Going through my e-mails , I came across an auto-reply from a South African colleague, saying she was on leave from work for a week, as part of Women’s Month commemorated in South Africa every August. Curious, I followed the website link she had provided to get an insight into what the commemoration was all about.
It turns out that South African women are among thousands of women across the globe that spend a month celebrating women’s contribution to the survival and existence of humanity in history and contemporary society.
Not only South Africa celebrates women’s history month but also the United States every March, and in the United Kingdom , Australia and Canada in October, women are celebrated. In South Africa, the month long commemorations were even marked by protests and marches, as thousands of women took to the streets, demanding the equal treatment of women in all sectors.
The popularity of women’s history celebrations has become widespread and in Africa it is increasingly becoming an important event on the feminist calendar. It has actually become a money spinner for women’s movements, who instead of using the money to assist the poor and marginalized women who need help, organise unnecessary workshops and other events. Yes, initially I was a bit disappointed that the World Woman’s Month does not appear on our national calendar and public holiday events, with the exception of the International Women’s Day, which largely goes unnoticed.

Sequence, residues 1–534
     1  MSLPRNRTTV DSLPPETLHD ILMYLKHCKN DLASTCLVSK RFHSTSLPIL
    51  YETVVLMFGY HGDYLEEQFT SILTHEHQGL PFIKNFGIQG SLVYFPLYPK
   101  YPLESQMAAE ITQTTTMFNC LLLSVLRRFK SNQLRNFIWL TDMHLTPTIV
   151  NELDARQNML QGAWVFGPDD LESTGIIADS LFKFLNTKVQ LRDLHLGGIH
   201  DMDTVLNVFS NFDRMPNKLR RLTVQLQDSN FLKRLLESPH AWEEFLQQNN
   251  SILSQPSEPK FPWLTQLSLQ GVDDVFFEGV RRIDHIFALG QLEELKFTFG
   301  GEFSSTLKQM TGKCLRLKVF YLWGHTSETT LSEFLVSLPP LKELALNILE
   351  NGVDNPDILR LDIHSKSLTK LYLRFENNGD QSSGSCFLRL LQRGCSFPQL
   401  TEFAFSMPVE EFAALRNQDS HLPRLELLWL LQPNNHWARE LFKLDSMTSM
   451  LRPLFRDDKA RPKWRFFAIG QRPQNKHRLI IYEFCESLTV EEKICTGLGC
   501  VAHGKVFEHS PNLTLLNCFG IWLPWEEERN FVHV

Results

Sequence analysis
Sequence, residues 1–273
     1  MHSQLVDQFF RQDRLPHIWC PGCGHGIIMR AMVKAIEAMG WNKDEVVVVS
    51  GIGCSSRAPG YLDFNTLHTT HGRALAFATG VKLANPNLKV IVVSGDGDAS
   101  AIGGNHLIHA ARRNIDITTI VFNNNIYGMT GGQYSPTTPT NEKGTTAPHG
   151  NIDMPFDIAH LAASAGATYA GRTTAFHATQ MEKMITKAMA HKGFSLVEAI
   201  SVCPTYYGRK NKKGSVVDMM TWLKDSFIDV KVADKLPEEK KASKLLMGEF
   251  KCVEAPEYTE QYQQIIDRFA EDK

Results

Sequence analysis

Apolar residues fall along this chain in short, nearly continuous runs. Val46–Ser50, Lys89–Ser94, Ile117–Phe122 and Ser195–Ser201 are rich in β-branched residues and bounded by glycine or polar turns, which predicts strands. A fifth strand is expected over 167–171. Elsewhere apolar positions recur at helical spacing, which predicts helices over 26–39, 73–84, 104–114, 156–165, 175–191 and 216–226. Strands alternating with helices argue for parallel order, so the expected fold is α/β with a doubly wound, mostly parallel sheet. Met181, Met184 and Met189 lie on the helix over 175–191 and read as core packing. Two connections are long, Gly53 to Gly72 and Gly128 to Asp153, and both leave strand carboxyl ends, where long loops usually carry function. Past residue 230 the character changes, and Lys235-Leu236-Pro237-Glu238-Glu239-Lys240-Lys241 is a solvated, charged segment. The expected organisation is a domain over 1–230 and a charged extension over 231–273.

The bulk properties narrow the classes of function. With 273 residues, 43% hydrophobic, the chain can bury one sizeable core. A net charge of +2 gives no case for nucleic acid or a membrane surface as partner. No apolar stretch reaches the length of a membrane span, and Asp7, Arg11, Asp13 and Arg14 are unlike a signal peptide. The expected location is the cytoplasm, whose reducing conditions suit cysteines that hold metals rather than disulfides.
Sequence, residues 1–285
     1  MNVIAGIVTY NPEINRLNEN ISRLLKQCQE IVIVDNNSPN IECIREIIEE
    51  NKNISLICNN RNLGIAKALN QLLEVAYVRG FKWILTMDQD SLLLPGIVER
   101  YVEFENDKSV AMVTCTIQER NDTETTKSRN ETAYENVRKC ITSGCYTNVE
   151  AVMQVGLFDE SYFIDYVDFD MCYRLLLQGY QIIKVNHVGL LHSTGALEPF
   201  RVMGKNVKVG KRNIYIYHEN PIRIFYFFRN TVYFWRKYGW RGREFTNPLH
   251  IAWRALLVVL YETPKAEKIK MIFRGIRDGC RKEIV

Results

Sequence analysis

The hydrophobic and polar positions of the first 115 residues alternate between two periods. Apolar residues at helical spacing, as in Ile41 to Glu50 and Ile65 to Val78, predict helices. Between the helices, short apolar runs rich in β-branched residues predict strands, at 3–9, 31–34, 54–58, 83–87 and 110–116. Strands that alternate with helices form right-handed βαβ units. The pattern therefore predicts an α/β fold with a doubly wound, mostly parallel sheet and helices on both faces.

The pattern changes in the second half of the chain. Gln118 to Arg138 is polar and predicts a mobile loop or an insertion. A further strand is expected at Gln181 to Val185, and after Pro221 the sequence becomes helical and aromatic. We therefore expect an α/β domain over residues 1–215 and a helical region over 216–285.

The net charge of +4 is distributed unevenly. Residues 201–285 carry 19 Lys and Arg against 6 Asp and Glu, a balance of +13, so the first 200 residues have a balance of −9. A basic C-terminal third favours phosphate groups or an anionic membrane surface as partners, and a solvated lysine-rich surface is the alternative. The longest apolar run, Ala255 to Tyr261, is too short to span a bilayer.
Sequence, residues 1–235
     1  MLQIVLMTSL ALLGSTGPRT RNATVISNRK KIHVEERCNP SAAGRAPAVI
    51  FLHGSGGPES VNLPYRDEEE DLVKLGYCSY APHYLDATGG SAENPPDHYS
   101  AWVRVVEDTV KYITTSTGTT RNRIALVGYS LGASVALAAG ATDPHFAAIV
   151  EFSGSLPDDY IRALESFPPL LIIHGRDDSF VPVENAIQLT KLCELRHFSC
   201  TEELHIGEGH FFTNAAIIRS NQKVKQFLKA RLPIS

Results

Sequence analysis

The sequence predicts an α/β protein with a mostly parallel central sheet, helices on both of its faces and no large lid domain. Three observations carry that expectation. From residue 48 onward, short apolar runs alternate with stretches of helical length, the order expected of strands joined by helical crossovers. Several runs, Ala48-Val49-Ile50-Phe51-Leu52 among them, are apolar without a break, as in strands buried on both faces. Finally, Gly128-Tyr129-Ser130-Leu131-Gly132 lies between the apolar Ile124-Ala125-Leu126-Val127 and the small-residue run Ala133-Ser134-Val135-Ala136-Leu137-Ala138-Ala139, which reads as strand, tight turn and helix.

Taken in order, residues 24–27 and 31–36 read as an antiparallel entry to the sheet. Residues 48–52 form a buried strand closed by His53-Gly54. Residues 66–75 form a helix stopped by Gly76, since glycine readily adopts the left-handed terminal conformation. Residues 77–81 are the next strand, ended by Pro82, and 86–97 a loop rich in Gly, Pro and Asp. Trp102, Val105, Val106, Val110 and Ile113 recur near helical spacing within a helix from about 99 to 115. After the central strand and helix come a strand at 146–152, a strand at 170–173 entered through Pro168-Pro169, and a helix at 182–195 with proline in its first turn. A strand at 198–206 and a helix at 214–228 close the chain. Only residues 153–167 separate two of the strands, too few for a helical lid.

It is also sad to note that there is a black out on the month long celebrations in Zimbabwe, while in neighboring South Africa, it was a big event.
But on second thoughts, I realised that there was no real reason for Zimbabwean women to spend time questioning whether we celebrate or not. What women need to do is to establish whether the programmes that non-governmental organisations and policy makers have been implementing to help empower women socially, politically and economically, warrants any form of celebration, whether it be a day or a month.
For a long time, non-governmental organisations, the civic society, political parties and even the government have been mouthing platitudes on “women’s empowerment”, “gender equality”, “gender mainstream” and other equally empty euphemisms that have done little to improve the plight of the ordinary woman.
All these euphemisms have been supported by high-sounding national, regional and international conferences where women’s empowerment issues, have been discussed ad infinitum.
IT IS HIGH TIME THAT ALL THESE ORGANISATIONS MUST TAKE ACTION AND START PRACTICING DIRECT ADVOCACY FOR WOMEN’S RIGHTS AND CHALLENGES USING A GRASSROOTS UP APPROACH….